Thai government policy and economic impact

Key policies by the government will support domestic demand over the next 12 months

New policies introduced by the government will have major implications for B2C and B2G firms and companies with large operations in Thailand. B2C firms should expect consumer spending, especially on non-durable goods and services, to remain strong in the coming months due to government efforts to keep inflation under control, boost consumer sentiment, and attract more tourists from key markets. They should also capitalize on the likely increase in spending in Q2 2024 once the government rolls out its digital cash handout scheme. Meanwhile, B2G firms should capitalize on a major rise in spending next year by the government; however, they should account for a delay in this spending until Q2 2024. Firms with large operations in Thailand should also prepare for labor costs to increase quickly over the next couple of years, as the government will aggressively raise the minimum wage, putting pressure on bottom-line growth.


The new government, led by PM Srettha Thavisin, has announced various measures to accelerate economic growth in the near term:

  • Thailand is providing a temporary 30-day visa waiver for Chinese and Kazakh tourists from September 25, 2023 to February 29, 2024, and for Indian and Taiwanese tourists from November 10, 2023 until May 10, 2024 to boost the tourism sector.
  • The government plans to raise the daily minimum wage over the next couple of years by a cumulative 19% to THB 400, with the first hike to be announced by the end of 2023. 
  • The government is moving forward with its flagship digital cash handout scheme. The total amount dispersed will be lower than the ambitious US$ 15 billion originally proposed; however, it will likely still be sizable.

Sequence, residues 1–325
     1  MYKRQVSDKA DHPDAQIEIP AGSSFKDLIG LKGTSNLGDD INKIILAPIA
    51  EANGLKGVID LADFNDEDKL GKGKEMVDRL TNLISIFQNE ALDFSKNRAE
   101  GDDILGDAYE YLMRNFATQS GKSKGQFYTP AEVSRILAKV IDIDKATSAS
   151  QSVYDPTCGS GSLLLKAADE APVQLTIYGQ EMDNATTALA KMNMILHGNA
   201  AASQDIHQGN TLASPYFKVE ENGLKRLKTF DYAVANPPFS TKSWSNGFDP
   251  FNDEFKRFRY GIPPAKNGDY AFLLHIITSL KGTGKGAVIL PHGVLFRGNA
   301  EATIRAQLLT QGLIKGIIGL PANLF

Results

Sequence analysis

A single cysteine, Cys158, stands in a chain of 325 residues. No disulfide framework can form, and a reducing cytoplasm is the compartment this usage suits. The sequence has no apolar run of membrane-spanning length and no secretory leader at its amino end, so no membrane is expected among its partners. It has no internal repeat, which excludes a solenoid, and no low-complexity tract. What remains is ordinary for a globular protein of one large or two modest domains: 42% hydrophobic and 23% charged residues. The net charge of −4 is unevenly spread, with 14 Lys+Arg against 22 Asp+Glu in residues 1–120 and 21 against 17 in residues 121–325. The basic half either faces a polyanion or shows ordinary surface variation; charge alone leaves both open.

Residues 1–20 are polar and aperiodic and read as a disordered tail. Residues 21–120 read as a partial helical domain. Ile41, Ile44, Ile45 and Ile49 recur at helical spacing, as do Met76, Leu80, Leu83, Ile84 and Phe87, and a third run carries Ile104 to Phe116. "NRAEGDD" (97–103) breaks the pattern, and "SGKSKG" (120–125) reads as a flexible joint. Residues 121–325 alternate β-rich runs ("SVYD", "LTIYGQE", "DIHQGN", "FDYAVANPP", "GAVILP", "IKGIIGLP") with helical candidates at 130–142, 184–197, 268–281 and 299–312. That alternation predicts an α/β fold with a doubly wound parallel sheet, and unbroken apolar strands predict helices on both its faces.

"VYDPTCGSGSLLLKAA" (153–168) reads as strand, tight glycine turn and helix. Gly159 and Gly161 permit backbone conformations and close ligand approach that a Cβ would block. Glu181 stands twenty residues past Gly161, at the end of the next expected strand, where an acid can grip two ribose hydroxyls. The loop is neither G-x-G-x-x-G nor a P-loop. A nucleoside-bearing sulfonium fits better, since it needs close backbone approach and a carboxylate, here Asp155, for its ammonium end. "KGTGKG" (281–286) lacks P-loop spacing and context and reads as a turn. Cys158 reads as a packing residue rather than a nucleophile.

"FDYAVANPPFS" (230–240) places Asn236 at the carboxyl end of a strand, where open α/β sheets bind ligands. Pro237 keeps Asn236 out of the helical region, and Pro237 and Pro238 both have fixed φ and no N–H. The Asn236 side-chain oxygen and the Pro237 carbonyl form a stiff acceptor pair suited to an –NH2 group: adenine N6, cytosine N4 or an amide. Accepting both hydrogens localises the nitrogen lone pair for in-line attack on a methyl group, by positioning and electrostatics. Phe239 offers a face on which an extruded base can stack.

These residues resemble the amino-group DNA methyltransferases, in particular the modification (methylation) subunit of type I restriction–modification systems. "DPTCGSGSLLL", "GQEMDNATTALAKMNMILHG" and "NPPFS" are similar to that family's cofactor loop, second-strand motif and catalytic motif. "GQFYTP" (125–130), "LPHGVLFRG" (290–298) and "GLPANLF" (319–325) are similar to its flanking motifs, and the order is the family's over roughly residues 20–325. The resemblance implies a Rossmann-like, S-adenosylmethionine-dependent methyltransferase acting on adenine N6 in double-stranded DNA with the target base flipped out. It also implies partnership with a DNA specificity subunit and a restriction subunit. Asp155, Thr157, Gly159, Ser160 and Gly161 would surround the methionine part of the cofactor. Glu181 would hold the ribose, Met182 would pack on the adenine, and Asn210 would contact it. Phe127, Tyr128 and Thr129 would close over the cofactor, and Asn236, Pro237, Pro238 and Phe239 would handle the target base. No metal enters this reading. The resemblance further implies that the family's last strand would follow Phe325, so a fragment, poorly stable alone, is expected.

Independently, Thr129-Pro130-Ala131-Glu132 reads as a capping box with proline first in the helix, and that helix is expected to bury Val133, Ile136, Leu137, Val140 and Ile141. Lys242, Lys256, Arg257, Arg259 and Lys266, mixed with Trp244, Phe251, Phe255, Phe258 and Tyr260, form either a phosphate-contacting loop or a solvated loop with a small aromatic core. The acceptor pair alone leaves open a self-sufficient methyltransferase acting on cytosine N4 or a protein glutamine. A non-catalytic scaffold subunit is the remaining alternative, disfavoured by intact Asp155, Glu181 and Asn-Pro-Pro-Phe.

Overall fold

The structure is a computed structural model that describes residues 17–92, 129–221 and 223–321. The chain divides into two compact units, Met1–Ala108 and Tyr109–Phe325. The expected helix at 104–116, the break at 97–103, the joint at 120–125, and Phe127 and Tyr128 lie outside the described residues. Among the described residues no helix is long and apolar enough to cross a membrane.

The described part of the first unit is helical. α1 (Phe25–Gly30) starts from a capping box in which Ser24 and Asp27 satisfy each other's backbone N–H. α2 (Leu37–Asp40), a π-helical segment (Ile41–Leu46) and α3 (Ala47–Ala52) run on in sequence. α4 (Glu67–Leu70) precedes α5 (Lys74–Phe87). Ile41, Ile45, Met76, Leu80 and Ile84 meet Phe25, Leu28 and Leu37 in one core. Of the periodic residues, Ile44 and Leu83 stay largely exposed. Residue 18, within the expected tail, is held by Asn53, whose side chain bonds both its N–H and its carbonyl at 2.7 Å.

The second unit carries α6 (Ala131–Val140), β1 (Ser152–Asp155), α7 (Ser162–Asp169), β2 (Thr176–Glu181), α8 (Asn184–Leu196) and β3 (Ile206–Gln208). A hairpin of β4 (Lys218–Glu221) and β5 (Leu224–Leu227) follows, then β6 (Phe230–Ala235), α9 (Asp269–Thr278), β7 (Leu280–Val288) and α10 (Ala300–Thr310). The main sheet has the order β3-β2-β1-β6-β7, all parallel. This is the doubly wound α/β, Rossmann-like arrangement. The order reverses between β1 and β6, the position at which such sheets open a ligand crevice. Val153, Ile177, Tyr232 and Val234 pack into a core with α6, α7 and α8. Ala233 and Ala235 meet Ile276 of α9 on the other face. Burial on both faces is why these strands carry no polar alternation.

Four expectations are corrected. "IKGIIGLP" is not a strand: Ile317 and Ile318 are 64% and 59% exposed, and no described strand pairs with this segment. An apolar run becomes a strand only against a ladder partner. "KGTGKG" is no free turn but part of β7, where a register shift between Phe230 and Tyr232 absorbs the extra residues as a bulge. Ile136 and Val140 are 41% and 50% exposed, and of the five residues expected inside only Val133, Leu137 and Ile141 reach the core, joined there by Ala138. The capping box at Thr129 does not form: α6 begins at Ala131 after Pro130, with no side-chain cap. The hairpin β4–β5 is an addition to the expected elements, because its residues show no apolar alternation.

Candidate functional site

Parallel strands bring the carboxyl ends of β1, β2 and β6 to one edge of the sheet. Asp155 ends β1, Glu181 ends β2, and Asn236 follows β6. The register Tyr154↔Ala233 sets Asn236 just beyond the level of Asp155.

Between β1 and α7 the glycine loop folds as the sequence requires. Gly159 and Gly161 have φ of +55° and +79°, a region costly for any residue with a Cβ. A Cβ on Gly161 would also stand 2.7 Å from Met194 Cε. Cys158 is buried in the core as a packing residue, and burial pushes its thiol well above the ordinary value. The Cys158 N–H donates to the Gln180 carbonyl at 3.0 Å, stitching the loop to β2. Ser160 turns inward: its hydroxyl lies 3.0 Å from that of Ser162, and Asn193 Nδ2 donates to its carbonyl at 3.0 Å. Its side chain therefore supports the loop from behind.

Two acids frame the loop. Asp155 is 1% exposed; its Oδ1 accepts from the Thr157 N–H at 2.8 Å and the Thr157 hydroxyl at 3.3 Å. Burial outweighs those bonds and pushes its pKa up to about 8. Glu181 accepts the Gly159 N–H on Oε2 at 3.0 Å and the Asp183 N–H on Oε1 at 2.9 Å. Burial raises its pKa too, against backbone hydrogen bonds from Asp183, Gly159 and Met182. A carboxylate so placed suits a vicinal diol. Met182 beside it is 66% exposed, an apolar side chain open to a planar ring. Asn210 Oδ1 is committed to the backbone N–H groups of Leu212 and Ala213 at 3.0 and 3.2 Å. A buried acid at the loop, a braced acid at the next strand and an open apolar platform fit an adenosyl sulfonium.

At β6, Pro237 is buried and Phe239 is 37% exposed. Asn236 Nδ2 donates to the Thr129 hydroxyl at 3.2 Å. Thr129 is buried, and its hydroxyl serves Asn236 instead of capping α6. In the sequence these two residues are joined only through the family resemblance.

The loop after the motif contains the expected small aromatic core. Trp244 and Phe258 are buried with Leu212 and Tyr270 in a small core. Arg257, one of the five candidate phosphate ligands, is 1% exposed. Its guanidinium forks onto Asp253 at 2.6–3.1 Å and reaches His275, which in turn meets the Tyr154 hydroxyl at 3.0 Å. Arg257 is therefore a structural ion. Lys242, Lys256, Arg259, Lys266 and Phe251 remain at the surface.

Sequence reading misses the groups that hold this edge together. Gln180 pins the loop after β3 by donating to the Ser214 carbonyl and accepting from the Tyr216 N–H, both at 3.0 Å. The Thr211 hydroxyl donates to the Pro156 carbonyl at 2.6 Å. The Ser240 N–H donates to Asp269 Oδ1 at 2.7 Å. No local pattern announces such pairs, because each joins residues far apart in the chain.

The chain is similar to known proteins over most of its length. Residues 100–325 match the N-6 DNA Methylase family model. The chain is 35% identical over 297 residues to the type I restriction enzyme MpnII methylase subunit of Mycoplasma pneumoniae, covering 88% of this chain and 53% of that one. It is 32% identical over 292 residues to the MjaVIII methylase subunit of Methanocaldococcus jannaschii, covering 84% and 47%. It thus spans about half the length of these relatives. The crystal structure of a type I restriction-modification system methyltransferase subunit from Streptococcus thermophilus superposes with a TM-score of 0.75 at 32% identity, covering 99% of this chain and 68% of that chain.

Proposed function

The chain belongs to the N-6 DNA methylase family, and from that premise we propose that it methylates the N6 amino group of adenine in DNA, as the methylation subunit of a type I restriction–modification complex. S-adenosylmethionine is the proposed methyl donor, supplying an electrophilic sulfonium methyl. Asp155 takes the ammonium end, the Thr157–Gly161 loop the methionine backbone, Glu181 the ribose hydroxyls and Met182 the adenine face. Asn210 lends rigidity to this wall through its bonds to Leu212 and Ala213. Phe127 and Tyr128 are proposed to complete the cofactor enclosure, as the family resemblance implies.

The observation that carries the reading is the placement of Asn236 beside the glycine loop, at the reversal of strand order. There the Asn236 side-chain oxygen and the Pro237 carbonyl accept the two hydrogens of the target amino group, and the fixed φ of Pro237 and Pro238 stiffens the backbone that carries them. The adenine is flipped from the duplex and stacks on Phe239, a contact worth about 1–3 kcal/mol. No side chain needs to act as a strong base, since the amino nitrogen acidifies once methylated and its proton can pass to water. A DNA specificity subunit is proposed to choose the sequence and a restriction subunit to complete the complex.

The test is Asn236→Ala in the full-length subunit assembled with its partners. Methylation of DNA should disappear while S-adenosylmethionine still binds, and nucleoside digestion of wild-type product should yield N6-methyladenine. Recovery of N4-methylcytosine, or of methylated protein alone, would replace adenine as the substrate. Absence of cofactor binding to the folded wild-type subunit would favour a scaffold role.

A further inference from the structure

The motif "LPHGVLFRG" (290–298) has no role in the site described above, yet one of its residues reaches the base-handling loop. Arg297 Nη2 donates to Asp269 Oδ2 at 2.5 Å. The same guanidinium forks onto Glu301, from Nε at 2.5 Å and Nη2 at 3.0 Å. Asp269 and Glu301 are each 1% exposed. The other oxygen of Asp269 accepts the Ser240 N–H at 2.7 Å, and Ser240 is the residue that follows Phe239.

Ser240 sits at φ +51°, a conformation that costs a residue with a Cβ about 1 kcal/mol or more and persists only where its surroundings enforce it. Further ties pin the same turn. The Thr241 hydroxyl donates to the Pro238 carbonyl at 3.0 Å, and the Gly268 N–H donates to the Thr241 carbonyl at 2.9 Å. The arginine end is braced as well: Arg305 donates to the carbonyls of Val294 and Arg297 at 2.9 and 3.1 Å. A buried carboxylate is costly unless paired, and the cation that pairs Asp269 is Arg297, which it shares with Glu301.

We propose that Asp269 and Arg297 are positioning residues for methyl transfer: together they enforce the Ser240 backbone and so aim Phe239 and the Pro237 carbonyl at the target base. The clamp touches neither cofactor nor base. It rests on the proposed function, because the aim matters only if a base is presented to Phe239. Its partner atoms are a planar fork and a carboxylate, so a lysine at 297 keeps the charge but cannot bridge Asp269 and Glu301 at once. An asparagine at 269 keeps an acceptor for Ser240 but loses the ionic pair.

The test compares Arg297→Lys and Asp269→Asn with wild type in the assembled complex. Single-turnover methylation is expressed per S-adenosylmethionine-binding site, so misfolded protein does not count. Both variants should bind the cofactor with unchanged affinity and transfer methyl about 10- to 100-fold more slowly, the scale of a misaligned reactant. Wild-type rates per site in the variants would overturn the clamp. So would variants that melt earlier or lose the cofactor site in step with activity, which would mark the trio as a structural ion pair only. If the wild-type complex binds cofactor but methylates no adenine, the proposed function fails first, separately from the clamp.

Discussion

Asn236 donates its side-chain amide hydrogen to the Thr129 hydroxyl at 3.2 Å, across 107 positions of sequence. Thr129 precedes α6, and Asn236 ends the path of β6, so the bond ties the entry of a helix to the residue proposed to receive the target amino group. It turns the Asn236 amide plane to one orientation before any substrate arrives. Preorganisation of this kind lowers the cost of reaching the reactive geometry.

• The new Thai cabinet approved a THB 3.5 trillion (US$ 96.3 billion) budget for 2024, 9.3% higher than the 2023 budget, with investment projected to make up 20.6% of total expenditure. However, the budget will not be finalized before Q2 2024, well after the start of fiscal year 2024 due to a delay in the government formation process.
  • The government is keeping inflation in check by reducing the electricity tariff and implementing a diesel tax cut through 2023, as well as restricting sugar exports. It will likely continue to provide subsidy support in 2024 if inflationary pressures persist in Thailand.

Our View

Various measures by the new government will help accelerate economic growth in Thailand, which has been lackluster for the last three and a half years. The visa-waiver program will provide a much-needed boost to the tourism sector, which is not back to pre-pandemic levels. Government measures to strengthen spending power, particularly of low-income groups, will support consumption activity next year. Public investment will pick up in 2024, as the government will spend heavily on infrastructure under the 2024 budget; however, firms should note that private investment will remain weak due to persistent weakness in export-oriented manufacturing activity.

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